What is stretching?
Stretching (and of course daily physical and psychic activity) is a great natural tool to improve the well-being and longevity of your dog. It takes just a few minutes a day and do wonders.
Stretching involves slow and determined lead an extremity against a predetermined maxposition and hold this position for 15 seconds. Before you are able to stretch the muscles/joints to the max it can take some weeks. This means that when one starts to stretch the dog might get just halfway to the maxposition. Stop when you notice a resistance and hold that position for 15 seconds. After a while you will be able to bend/stretch to the optimum position.
Pictures show TengelMan -
BH NCH (NHL) Echuca Dynamite Delinquent Tengel
Stretching the shoulder flexors. Gentle move the stretched front leg forward and upward to the
position is optimal as 90 degrees to the surface. Stay next to your dog, grasp the elbow from the inside and gentle lead the leg forward and upward. At the point of resistance, stop and hold the position for 15 seconds,
and repeat 2-4 times on each front leg.
Of course the dog should not show any type of sign
that he/she is in pain or discomfort. To reach the
optimal position it requires stretching 1-2 times a
day for about 1-3 months. This movement is very important; training the triceps muscles, where some sports-injuries occur. It also improve the integrity of shoulder structure (benefits wrist and elbows) and increase the dogs breathing capacity.
Stretching the chest area. This is an abduction stretch, meaning a stretch away from center. Grasp around the elbow, the leg should be slightly bent. Hold the position for about 15 seconds, and repeat 2-4 times. The optimal position is approximately 90 degrees
Stretching the front-legs muscles and part of the neck muscles Grab hold of the wrist and lead the leg backward so that the paw, in optimal position, is close to the hip bone. Hold the position for about 15 seconds and repeat 2-4 times
Stretching the back-legs to increase flexibility in hips, thighs and spine.
Stabilize the hip with one of your hands
and grab the back-leg with the other and straighten the leg forward guiding the stifle to straighten. Continue to stretch until you feel a slight resistance.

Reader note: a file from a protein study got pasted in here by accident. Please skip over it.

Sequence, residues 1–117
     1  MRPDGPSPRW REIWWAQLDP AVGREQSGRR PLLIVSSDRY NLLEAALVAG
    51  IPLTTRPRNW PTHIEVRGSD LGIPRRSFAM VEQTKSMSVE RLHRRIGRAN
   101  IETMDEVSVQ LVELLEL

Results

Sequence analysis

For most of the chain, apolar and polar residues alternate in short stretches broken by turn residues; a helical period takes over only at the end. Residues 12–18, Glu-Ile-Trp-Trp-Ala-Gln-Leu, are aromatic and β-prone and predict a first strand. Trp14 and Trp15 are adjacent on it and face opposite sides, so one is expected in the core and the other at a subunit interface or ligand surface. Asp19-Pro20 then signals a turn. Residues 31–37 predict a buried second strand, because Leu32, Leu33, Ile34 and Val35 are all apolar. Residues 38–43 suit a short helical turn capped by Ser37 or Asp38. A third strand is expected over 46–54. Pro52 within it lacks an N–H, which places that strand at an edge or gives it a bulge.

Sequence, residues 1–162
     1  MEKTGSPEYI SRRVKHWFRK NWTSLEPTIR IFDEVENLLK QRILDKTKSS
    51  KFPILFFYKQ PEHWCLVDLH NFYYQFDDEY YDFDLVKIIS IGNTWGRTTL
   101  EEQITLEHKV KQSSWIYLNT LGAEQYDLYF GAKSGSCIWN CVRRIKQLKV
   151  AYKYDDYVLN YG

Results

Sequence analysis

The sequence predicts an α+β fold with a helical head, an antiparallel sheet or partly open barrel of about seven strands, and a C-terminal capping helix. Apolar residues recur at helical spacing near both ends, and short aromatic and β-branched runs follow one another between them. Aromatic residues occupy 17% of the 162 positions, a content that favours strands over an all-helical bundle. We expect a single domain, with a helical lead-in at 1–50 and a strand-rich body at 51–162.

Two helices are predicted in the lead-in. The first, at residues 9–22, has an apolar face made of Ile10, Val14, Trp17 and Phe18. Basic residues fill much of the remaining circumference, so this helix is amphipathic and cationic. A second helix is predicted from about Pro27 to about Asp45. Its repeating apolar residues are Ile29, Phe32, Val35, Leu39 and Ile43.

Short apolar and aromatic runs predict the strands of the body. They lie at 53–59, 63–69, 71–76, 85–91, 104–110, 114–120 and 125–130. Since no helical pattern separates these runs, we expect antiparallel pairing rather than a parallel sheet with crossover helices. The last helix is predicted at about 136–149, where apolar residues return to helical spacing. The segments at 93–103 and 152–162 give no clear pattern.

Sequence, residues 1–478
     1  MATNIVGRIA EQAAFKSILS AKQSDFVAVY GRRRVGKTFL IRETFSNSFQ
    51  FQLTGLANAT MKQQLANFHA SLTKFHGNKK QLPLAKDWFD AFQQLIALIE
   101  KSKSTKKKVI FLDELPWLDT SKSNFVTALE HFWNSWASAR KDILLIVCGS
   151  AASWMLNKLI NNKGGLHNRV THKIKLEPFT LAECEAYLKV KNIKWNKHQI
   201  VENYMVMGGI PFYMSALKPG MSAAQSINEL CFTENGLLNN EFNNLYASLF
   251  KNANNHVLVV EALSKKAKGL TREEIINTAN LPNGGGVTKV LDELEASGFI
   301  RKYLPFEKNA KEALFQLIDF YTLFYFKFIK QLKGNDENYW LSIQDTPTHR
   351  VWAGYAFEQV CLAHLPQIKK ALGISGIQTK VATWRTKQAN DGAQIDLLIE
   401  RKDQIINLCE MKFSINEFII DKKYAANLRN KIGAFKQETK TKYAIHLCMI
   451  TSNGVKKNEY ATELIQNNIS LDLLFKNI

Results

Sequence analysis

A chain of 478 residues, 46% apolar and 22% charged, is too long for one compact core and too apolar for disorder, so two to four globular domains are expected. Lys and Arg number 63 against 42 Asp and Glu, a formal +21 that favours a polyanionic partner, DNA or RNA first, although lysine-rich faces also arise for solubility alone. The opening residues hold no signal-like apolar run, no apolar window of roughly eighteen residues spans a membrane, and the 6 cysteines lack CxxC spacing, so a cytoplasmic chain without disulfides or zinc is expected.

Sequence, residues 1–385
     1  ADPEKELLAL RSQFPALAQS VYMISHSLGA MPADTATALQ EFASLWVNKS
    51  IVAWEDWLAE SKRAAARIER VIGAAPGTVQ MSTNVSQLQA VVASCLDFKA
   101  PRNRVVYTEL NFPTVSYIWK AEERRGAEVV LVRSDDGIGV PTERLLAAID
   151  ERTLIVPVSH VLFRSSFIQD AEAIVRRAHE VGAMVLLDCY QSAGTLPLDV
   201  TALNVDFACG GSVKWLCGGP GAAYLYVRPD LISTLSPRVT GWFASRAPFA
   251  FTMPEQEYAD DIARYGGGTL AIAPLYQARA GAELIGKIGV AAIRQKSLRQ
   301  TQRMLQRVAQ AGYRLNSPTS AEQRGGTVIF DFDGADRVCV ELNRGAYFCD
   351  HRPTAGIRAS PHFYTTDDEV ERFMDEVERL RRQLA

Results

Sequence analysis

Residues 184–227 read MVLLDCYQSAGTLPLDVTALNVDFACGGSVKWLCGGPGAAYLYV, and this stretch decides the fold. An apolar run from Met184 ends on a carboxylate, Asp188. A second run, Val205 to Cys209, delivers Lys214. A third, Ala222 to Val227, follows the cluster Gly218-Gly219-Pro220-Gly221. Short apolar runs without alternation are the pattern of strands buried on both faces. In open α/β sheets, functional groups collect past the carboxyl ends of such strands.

Hold for 15 seconds, and repeat 2-4 times.
It can take up to 6 months or even 1 year to accomplish the optimal position which is the
back-leg parallel with the elbow-joint
Stretching the muscles on the inside of the thigh. The optimal position is approximately 90 degrees out from the dog's side. Should you notice any pain in this position it can indicate problems with the hips (you go to the veterinarian to check it out). Grab the knee-joint and gentle move the leg out from the body – like when you see a male dog pee. Stretch until you feel a resistance and hold for 15 second, repeat 2-4 times.
Stretching the hip flexors which are
muscles that enable your dog to move his
legs and hips while walking. This also shows
the movement most dogs do when they
perform their morning gymnastics. Grab
the back-leg just above the knee, and allow
the dog to stretch out the leg till the
optimum position in principle is right out
in the horizontal plane from the dog.
When you can feel some resistance
then stop and hold the position for
15 seconds, and repeat 2-4 times.
It will improve the condition in the lower
back, hip and leg-muscles. It can also
reduce arthritis related pain
* It might take 1-2 weeks to learn a dog to stretch
* The dog should be standing or laying down
* The dog should be warming up before stretching (=warm) which involve a trip for
about 15-20 minutes
* Stretch always after achievements/training, when the dog is relaxed
* The dog should not feel pain or discomfort when stretching
* Stretch within 30 minutes after a walk
* Stretch at least once a day
* If the dog is under treatment/rehabilitation you are of course cooperating with
your veterinarian. You also contact your veterinarian if the dog show pain
* The goal is that all four legs should be able to be bent to the optimal position
Good luck – your dog will thank you